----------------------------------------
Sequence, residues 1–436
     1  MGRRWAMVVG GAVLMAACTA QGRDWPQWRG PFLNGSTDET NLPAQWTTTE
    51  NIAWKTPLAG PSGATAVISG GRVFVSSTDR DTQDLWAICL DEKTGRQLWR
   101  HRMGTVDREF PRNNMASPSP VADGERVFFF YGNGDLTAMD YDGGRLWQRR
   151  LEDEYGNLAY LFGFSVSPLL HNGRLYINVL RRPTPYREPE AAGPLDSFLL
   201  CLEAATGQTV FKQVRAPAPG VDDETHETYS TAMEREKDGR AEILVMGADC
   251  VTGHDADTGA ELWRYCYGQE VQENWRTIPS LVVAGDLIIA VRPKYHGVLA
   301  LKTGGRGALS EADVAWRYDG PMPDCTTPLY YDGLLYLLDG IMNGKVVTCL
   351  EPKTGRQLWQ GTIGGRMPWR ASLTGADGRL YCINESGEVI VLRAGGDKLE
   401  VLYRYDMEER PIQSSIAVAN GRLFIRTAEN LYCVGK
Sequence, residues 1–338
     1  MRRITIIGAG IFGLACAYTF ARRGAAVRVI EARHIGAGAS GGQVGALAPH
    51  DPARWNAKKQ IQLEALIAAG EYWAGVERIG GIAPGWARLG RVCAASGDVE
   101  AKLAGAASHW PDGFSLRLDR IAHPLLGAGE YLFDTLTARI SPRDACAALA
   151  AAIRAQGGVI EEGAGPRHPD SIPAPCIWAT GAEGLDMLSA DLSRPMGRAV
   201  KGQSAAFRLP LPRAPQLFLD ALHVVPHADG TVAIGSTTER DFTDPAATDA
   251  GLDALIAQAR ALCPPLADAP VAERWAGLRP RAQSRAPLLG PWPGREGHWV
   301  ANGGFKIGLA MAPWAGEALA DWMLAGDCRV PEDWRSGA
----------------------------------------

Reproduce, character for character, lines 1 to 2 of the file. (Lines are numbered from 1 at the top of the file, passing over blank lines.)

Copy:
Sequence, residues 1–436
     1  MGRRWAMVVG GAVLMAACTA QGRDWPQWRG PFLNGSTDET NLPAQWTTTE